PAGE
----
Lunch hour painting.
As I put on my silky, traditional pyjamas one night last week and laid there in bed, getting sleepy, I had a dream-snippet of a snowy owl, looking tired, in a pyjama top. This mostly looks like him.

Lunch hour painting.
The very next night, another dream snippet, this one of a Tyrannosaurus Rex in a party hat. It was so funny, I had to paint it and I gave her a task – picking out party cupcakes.

Friday night sketch.
On Friday night I had an image in my head of … a certain thing, a guy in a comic, ultra-color style, smoking and … this is not it. This is only about 25% it. But, seeing this wrong drawing reminds me of the right one in my head, so it will serve until I have a chance to actually do it right. More Hellboy, less trendy boy.

Wow, lots of quick paintings last week! I need to remember that even quick, partial sketches that I don’t have time to refine and line will help me out later. Every small step helps. As well, sometimes I get uncomfortable that these are so loose, sloppy, and messy. I have to tell myself, again and again, that I’m doing the whole process in less than an hour. The idea, fast research, sketching, getting out supplies, sketch and linework, paint, dry, refine lines, photo, edit, and post. That is a lot of actions for a single hour. Plus, who gives a shit (besides that naggy voice in my head) if they’re messy. Fuck it. I have a creative hour for myself in the midst of a corporate workday and it makes me happy and more able to cope with shit. This is good.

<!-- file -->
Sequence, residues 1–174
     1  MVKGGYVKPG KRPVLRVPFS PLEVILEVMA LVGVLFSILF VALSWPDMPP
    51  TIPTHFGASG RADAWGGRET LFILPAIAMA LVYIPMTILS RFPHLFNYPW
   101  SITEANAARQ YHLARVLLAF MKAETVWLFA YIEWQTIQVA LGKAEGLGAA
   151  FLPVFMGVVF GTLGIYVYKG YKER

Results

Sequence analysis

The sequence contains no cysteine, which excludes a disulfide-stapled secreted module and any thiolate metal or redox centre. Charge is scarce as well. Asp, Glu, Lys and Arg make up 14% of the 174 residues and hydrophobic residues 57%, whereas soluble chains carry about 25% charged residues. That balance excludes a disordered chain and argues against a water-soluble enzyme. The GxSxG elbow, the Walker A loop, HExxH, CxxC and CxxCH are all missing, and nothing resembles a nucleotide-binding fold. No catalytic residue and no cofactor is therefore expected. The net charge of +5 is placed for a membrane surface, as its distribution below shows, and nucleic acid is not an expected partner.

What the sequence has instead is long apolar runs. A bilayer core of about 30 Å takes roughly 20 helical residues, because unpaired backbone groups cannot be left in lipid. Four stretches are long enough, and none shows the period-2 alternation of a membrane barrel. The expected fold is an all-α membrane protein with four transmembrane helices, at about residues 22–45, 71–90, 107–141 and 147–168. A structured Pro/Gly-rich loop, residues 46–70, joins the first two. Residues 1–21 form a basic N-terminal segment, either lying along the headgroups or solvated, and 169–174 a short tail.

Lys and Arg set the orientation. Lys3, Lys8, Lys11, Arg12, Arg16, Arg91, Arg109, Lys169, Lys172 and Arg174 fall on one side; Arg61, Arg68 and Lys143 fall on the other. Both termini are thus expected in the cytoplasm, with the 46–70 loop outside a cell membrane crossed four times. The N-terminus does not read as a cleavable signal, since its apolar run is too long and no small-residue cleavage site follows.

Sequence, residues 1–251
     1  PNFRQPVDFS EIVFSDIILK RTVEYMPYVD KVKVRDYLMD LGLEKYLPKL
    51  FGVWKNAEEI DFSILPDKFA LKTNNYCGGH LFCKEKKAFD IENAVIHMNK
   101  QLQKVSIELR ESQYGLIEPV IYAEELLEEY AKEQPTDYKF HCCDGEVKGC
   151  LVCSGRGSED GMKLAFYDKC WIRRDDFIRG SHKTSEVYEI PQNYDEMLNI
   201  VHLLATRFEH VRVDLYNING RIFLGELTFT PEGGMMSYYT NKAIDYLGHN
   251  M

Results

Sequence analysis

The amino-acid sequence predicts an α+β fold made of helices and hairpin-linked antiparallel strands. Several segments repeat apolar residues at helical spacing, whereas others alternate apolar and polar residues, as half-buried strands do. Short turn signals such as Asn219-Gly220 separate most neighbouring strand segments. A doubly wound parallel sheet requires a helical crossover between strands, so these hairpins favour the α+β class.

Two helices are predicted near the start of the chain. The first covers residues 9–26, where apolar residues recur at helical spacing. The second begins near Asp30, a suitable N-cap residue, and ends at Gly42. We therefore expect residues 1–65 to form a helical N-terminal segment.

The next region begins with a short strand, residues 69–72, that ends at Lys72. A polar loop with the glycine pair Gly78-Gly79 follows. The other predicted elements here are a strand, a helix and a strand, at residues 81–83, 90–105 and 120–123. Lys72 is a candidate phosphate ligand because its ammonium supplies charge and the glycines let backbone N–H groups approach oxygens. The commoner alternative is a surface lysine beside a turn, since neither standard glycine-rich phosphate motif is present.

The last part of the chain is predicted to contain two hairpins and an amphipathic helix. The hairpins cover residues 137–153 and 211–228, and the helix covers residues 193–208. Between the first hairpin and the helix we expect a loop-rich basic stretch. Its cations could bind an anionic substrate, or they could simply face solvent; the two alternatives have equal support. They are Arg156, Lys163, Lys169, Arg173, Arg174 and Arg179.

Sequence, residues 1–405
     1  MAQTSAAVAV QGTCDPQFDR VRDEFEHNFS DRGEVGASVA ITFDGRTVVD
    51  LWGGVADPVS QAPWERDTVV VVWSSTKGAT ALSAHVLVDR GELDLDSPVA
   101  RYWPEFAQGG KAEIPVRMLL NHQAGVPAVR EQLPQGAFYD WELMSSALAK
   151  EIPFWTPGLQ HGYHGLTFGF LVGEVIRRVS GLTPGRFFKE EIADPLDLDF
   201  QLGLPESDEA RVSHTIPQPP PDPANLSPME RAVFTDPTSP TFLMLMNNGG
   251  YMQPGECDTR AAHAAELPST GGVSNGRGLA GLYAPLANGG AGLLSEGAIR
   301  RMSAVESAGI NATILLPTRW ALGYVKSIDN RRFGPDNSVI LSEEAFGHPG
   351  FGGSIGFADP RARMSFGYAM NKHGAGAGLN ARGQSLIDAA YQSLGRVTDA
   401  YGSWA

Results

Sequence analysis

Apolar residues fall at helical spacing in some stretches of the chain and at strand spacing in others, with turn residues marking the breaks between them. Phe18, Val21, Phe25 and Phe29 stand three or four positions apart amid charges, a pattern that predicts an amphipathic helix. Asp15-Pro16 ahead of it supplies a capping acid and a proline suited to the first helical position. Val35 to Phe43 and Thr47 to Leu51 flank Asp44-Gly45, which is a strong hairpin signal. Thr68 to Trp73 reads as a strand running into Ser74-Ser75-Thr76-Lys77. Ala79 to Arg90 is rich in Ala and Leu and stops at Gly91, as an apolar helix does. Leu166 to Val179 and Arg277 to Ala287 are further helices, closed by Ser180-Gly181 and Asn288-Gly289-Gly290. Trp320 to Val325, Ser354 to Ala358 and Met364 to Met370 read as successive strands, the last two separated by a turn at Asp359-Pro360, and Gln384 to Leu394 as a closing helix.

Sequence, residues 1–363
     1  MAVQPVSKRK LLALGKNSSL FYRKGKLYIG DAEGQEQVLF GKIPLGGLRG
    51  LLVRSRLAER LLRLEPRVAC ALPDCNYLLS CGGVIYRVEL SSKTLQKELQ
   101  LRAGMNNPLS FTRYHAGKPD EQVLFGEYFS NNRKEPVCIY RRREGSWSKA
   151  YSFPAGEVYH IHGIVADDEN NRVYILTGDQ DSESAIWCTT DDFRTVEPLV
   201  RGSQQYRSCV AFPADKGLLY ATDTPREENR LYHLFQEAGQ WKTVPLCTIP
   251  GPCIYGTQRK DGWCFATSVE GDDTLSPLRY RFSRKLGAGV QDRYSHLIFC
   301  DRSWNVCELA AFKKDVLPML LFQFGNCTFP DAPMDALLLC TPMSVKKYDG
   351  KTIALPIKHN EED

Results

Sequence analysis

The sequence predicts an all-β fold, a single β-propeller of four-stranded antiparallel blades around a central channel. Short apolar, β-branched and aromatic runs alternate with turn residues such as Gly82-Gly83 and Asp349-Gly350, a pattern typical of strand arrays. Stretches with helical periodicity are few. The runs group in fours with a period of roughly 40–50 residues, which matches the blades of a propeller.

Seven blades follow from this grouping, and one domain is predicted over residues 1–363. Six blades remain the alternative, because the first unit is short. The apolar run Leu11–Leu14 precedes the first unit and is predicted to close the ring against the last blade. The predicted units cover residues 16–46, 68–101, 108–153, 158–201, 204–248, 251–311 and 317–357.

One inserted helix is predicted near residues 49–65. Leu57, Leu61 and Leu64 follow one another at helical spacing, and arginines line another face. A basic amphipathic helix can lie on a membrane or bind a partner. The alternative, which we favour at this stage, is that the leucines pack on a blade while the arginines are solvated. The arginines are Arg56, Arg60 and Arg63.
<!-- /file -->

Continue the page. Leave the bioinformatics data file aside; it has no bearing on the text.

Sep 192017
 

Halloween fabrics made into shag.
After a couple weeks of struggle with a time-limited project, I gave up. I couldn’t get it right and the clock was ticking. Defeat was admitted, pieces were salvaged and set aside for future reuse. [heavy sigh]

Another time-limited project is up next, but I couldn’t jump right into it yet. Instead I found myself in the mood to sew hundreds of tiny bits of fabric down. You really do have to be in the mood to spend hours doing this. I got another shaggy pouch done (a large blue one that is promised) and started on a large and small shaggy pouch in a Halloween theme. I did have to seek out some fabric from the stash for this, which was fun. I finished the large (seen above) off and now have one small and one medium pouch to finish. Before I can photograph them, I need to finish them all and clear my cutting board space, as that is where I take pics at the moment. I have too many things out lately. Need to finish projects and get them out of the way. I’m afraid I’m going to have to make this a goal next year; finishing partial projects and paring down some supplies. I need more space to move, do.

Sep 182017
 

Got two in last week! Woot!
Lunch hour painting
Monday painting in response to the big events local to my country right now.

Lunch hour painting
After entertaining the night before, I was tired this day. I played around with paint until something came up, and a fast poem about being tired and looking forward to sleep. Written in silver Sharpie atop the watercolors.